It’s getting more expensive for Michigan school districts to borrow money and difficult for some to avoid bankruptcy after voters rejected a ballot proposal that would have retained the state’s emergency manager law. The law allowed the governor to appoint fiscal managers to oversee municipalities and school districts that have defaulted on loans.
Now emergency managers will function under an older, more limited law.
“Taxpayers should not be forced to bail out these irresponsible school boards,” said Kyle Olson, CEO of the Education Action Group Foundation, a Michigan nonprofit.
Gov. Rick Snyder (R) had appointed Roy Roberts emergency manager of the Detroit Public Schools, which has been near bankruptcy for several years. Before the election, Roberts said an overturn would likely make him resign, but afterward Roberts said he would stay at least until Proposal 1 was certified Dec. 6.
Saved $82 Million a Year
At the polls, 52 percent voted against Proposal 1. The vote overturned Public Act 4, which was enacted in May 2011. Public Act 4 proponents fear repeal will mean financially struggling districts cannot quickly address their biggest costs: employee salaries, staff bloat, and health insurance.
“The emergency managers are there because school boards repeatedly failed to fix the fiscal fallout of declining enrollment and overspending,” said Michael Van Beek, education director of the Michigan-based Mackinac Center for Public Policy.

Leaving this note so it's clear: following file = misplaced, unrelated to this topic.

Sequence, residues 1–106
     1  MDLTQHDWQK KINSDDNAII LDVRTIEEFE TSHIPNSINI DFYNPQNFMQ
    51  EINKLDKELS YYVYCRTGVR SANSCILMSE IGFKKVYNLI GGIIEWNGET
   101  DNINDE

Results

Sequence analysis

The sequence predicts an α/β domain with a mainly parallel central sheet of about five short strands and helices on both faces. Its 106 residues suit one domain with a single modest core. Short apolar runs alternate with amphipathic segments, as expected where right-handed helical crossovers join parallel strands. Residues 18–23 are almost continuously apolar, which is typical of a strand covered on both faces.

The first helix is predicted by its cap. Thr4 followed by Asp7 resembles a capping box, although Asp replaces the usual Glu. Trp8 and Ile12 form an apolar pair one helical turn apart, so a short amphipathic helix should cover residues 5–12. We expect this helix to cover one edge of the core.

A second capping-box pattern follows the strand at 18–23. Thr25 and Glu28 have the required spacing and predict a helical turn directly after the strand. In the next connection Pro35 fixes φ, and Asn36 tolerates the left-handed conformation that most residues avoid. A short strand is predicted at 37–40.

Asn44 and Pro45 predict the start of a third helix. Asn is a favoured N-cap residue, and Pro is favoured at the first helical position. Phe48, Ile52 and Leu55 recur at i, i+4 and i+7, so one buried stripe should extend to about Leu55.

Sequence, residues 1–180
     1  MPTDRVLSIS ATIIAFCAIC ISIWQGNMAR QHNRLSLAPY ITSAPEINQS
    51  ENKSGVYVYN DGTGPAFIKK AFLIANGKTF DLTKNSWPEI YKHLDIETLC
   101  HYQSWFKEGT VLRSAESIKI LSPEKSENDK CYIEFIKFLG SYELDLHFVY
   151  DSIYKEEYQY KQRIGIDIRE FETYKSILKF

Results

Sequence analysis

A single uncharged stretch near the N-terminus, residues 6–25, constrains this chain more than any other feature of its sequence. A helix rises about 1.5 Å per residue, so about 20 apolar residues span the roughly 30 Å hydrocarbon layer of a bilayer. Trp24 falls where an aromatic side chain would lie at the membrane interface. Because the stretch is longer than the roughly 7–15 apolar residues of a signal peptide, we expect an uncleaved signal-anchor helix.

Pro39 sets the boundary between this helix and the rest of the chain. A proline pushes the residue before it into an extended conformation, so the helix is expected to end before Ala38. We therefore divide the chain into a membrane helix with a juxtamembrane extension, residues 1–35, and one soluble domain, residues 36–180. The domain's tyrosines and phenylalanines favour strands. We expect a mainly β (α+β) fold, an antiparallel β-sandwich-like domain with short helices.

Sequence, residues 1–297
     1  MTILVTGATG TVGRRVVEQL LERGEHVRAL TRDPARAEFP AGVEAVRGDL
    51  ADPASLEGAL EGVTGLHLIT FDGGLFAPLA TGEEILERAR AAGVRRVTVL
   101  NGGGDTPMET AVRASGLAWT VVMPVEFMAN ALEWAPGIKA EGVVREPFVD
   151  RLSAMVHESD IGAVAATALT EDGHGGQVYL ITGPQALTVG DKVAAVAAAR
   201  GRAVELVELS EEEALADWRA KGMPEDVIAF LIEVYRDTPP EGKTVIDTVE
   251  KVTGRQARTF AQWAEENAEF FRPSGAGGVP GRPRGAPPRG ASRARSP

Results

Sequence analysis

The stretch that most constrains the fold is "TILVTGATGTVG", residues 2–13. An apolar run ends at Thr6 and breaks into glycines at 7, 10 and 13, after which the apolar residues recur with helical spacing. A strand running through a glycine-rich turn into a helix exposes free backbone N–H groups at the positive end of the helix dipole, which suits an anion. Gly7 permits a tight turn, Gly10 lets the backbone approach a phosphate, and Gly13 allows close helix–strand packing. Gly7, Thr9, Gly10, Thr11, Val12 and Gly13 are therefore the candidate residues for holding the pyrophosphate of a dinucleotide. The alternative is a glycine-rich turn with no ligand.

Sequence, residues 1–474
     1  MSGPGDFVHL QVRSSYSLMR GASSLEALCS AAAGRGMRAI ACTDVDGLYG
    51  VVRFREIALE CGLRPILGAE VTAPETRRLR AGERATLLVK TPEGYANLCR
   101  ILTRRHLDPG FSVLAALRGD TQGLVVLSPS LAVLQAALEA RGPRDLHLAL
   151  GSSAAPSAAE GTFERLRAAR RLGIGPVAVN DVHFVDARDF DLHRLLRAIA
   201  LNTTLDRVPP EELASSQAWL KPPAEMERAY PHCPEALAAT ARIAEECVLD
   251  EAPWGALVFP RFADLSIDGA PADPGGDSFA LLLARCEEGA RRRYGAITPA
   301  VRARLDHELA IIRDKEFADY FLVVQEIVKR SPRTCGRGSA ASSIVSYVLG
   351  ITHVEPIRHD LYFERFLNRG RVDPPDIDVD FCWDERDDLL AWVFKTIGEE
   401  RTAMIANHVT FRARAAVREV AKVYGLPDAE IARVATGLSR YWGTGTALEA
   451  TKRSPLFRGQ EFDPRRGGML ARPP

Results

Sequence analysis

Roberts’ position allowed him to save DPS approximately $82 million annually, he wrote the state treasurer in July.
Bankruptcy Increase Expected
After the election, Snyder asked state legislators to finish drafting a bill that would grant emergency managers more leeway.
“Taxpayers throughout Michigan are required to bail out cities and school systems that default on loans, and that is why these unions prefer bankruptcy to financial managers,” said Leon Drolet, chairman of the Michigan Taxpayers Alliance. “Bankruptcy equals bailouts that cost citizens across Michigan and may help government unions preserve the lavish benefits they feel entitled to.”
Bankruptcy lawyer Doug Bernstein told the Detroit News repeal means as many as 40 municipalities and school districts may face bankruptcy soon.
“Two things are certain: emergency mangers will be less able to erase these districts’ deficits, and legal battles will ensue over who gets to control instruction for children—the appointed manager or the fiscally inept school board,” Van Beek said.
Image by Thomas Hawk.